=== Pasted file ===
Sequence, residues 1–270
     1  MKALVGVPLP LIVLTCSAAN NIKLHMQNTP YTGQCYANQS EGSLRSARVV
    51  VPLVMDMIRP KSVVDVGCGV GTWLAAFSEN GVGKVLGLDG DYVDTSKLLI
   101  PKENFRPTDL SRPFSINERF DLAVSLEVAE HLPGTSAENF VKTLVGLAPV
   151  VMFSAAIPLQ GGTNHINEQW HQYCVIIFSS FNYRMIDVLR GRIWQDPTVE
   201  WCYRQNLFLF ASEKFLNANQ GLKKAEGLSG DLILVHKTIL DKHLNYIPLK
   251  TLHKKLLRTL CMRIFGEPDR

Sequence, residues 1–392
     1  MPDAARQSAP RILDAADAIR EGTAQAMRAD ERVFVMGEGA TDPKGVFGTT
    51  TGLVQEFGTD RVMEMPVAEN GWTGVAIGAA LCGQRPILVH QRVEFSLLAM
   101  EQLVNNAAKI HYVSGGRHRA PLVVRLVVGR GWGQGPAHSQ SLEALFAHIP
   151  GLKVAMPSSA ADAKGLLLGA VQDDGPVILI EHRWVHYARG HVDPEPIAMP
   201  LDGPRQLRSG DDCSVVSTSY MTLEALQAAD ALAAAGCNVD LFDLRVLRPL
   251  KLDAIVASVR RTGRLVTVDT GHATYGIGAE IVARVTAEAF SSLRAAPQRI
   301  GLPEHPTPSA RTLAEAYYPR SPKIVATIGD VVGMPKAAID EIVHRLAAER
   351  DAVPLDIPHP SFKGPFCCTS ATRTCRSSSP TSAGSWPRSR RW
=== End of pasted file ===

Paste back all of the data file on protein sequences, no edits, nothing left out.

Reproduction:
Sequence, residues 1–270
     1  MKALVGVPLP LIVLTCSAAN NIKLHMQNTP YTGQCYANQS EGSLRSARVV
    51  VPLVMDMIRP KSVVDVGCGV GTWLAAFSEN GVGKVLGLDG DYVDTSKLLI
   101  PKENFRPTDL SRPFSINERF DLAVSLEVAE HLPGTSAENF VKTLVGLAPV
   151  VMFSAAIPLQ GGTNHINEQW HQYCVIIFSS FNYRMIDVLR GRIWQDPTVE
   201  WCYRQNLFLF ASEKFLNANQ GLKKAEGLSG DLILVHKTIL DKHLNYIPLK
   251  TLHKKLLRTL CMRIFGEPDR

Sequence, residues 1–392
     1  MPDAARQSAP RILDAADAIR EGTAQAMRAD ERVFVMGEGA TDPKGVFGTT
    51  TGLVQEFGTD RVMEMPVAEN GWTGVAIGAA LCGQRPILVH QRVEFSLLAM
   101  EQLVNNAAKI HYVSGGRHRA PLVVRLVVGR GWGQGPAHSQ SLEALFAHIP
   151  GLKVAMPSSA ADAKGLLLGA VQDDGPVILI EHRWVHYARG HVDPEPIAMP
   201  LDGPRQLRSG DDCSVVSTSY MTLEALQAAD ALAAAGCNVD LFDLRVLRPL
   251  KLDAIVASVR RTGRLVTVDT GHATYGIGAE IVARVTAEAF SSLRAAPQRI
   301  GLPEHPTPSA RTLAEAYYPR SPKIVATIGD VVGMPKAAID EIVHRLAAER
   351  DAVPLDIPHP SFKGPFCCTS ATRTCRSSSP TSAGSWPRSR RW